Scientists ca... Read More
Vibativ (telavancin) has been approved by the FDA to treat HABP/VABP (hospital-acquired ventilator-associated bacterial pneumonia) caused by Staphylococcus aureus. The FDA (Food and Drug Administration) added that telavancin should only be used when other treatments are not appropriate.
Telav... Read More
Normally we shudder when we think of bacteria, but a new study reveals that some of these microorganisms may be able to help us lose weight.
The study, published in the March 27 issue of Science Translational Medicine, showed that bacteria in the guts of mice changed after they had gastric by... Read More
By tracking the previously unknown movements of a set of specialized cells, Whitehead Institute scientists are shedding new light on how the immune system mounts a successful defense against hostile, ever-changing invaders.
Central to the immune response is the activity inside structures know... Read More
History has repeatedly shown that contagion makes an easy bedfellow with human conflict.
Take the poliovirus outbreak in Syria - and Israel and Egypt too - caused by related strains that can be traced back to Pakistan.
War and insurgency provide the ideal conditions for bacteria and viruse... Read More
The vast majority of researchers in the science field are honest and conscientious. But that's not the case for all of them, and a federal agency that tracks misconduct and cheating in the field is seeing increases.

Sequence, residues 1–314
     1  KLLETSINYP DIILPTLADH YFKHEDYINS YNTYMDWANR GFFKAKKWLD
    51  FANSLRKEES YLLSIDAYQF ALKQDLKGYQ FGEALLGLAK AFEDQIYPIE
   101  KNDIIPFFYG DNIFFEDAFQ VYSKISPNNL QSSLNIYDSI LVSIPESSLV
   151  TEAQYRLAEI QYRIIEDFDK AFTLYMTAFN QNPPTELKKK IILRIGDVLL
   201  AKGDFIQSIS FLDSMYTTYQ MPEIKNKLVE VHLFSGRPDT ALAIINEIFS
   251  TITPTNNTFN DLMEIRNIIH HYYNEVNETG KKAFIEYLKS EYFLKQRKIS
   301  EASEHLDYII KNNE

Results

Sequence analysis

Click "source" to read more and listen to podcast. Read More
Researchers have engineered a strain of electricity-producing bacteria that can grow using hydrogen gas as its sole electron donor and carbon dioxide as its sole source of carbon. Researchers at the University of Massachusetts, Amherst report their findings at the 113th General Meeting of the A... Read More
The benefits and risks of "gain-of-function" research into highly pathogenic microbes with pandemic potential must be evaluated, scientists say. A group of over 50 researchers has called on the European Commission to hold a scientific briefing on research that involves engineering microbes to m... Read More
The University of Liverpool is to decipher the genomes of the UK’s main bacterial cause of food poisoning which results in over 21,000 hospital admissions and 100 deaths each year. Using the latest whole genome sequencing technologies available at the University’s Centre for Genomic Research, sc... Read More
I listened to the latest TWIP this morning. Dickson mentioned the herbicide atrazine but thought it was a fungicide. It is actually a herbicide in the photosynthesis inhibitor class. Another bit of trivia about ag chemicals is that old chemicals like ... Read More
The Caribbean Sea is battling an epidemic — a nasty plague that spreads and kills quickly. Unlike the historical Black Plague, which killed millions of people in the Middle Ages, this so-called white plague is devastating populations of marine corals.
Scientists long believed the scourge, whi... Read More